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Seven LBJ Students Chosen for 2015 Crook Fellowship Awards

May 6, 2015 |

The Robert S. Strauss Center for International Security and Law is pleased to announce the recipients of the 2015 William H. Crook Fellowship awards. This year the Center is funding seven outstanding LBJ School students, who will be spending their summer working in Cambodia, China, Colombia, Ghana, France, and Washington, D.C.

Over the past eight years, the Crook Fellowship program has enabled fifty-five students to spend the summer interning with nongovernmental and multilateral organizations focused on economic development and poverty reduction throughout the developing world. The program was founded in 2008 through a generous gift from Mrs. Eleanor Crook in honor of her late husband, Ambassador William H. Crook. Ambassador Crook was a prominent public figure in Texas politics and a pioneer in global development, establishing the U.S. Office of Economic Opportunity at the request of President Lyndon B. Johnson and serving as national director of Volunteers in Service to America, now known as AmeriCorps.

Former Crook Fellows have gone on to establish impressive careers in the development arena, now working at the Brookings Institution, Development Gateway, Innovations for Poverty Action, the U.S. Agency for International Development (USAID), the U.S. Department of the Treasury, and the World Bank.

The 2015 Crook Fellowships have been awarded to the following seven students:

Leo Carter will be spending his summer in Beijing, China with the Wildlife Conservation Society. His internship will focus on the development impact and intervention strategies related to illicit global wildlife trade by examining the demand for ivory and rhino horn in China. Leo will create market studies and consumer profiles to better understand the demand for these illegal goods that impacts livelihood security and economic opportunity in supply-side African and Asian countries, and he will work with Chinese enforcement agencies to improve regulation.

Amara Chhin will be interning with Cambodian Living Arts in Phnom Penh, Cambodia, evaluating the organization’s program focused on building Cambodia’s performance sector—once vibrant before the Khmer Rouge—as a viable economic development path in Cambodia. Amara will work with the Plae Pakaa theater program, which provides a platform for local performers to learn the technical, communication, and business skills necessary to develop a sustainable career in the performing arts realm.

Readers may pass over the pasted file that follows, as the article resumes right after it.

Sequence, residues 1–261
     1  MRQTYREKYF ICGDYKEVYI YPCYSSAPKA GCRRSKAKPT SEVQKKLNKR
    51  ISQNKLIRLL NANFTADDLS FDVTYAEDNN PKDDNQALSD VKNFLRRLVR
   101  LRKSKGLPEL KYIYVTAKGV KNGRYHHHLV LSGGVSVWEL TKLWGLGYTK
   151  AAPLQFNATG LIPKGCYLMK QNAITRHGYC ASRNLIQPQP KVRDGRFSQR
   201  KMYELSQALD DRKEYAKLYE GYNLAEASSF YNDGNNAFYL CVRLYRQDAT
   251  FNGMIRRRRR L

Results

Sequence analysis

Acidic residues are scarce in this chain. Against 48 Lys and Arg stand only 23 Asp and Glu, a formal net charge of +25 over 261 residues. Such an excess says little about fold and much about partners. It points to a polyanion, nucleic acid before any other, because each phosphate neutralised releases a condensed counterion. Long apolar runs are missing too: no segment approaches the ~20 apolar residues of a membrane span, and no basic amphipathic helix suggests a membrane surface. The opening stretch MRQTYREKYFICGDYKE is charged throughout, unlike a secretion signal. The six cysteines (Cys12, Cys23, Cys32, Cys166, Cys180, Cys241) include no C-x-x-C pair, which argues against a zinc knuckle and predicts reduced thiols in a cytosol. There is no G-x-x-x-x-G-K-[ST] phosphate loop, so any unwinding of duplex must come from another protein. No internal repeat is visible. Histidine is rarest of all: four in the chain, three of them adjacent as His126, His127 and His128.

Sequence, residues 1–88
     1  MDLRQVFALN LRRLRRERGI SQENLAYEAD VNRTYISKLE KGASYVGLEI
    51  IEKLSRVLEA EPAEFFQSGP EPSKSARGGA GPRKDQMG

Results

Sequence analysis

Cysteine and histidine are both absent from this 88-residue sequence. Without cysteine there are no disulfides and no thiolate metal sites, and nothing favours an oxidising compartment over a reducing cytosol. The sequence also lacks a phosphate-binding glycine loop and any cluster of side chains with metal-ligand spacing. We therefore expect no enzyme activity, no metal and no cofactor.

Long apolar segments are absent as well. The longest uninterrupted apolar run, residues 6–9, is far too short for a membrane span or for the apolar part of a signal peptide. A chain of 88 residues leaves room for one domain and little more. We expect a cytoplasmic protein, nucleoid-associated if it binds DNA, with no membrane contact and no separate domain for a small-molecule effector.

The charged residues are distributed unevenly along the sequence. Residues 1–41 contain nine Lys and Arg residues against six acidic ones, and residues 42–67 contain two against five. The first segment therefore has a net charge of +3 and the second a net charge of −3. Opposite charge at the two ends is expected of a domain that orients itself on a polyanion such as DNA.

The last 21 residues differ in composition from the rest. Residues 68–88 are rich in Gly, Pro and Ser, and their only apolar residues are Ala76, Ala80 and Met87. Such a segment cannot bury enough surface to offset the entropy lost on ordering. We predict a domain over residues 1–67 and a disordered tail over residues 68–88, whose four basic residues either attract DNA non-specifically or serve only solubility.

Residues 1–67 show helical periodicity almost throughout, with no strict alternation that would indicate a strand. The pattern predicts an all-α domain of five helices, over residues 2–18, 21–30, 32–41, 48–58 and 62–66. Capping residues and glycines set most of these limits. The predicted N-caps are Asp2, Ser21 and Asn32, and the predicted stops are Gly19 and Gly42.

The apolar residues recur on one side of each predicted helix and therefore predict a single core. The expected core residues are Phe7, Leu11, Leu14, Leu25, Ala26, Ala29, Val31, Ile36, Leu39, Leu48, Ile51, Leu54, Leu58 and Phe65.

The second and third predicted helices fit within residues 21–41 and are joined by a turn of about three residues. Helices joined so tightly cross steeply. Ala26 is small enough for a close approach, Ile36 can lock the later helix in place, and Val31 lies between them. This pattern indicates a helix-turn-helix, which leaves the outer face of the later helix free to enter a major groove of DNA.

Marcelle Cohen will be based in Bogotá, Colombia with the Alianza Iniciativa de Mujeres Colombianas por la Paz, a women’s rights and peace-building NGO. Marcelle’s work will focus on integrating women’s rights considerations into ongoing negotiations aimed at deescalating conflict and planning for post-conflict rebuilding following five decades of civil war between the Revolutionary Armed Forces of Columbia (FARC) and the Colombian government.

Steven Damiano will be interning with the Bread for the World Institute in Washington, D.C. this summer. His internship duties will center on improving U.S. development assistance by promoting transparency and increasing partner countries’ ownership of development programs. The work will specifically focus on sustainable development goals relating to food security, including issues of hunger, malnutrition, and agricultural productivity in developing countries.

Beatrice Halbach will intern with the Organisation for Economic Co-operation and Development (OECD) in Paris, France. She will be working on the OECD’s project on service sector development in China, analyzing data and policy options to inform new initiatives aimed at supporting the sustainable, long-term development of the service sector. The recommendations from the program will be an input in China’s upcoming 13th five-year development plan.

Isabel Hovey will be based in Kumasi, Ghana, interning with Exponential Education, an education-focused NGO started five years ago by LBJ School alum and former Crook Fellow Helen Gradstein. Isabel will serve as a performance evaluation and knowledge management consultant for Exponential Education this summer, collaborating with program associates and educators in the field to assess the quality and impact of the institution’s education-intervention programs.

Alexandra Noble will be interning with InterAction in Washington, D.C., a leading organizing in the effort to track, evaluate, and improve NGO development aid worldwide. As a Global Development Practice Intern, she will investigate best practices in international development projects by creating maps of where aid projects are implemented, supporting partnerships across development aid organizations, and working with InterAction’s Evaluation and Program Team to assess overall effectiveness of aid programming.

The Crook Fellows will be blogging about their experiences over the summer. Check back on the Strauss Center website and LBJ Baines Report site throughout the coming months for updates on their work in the field!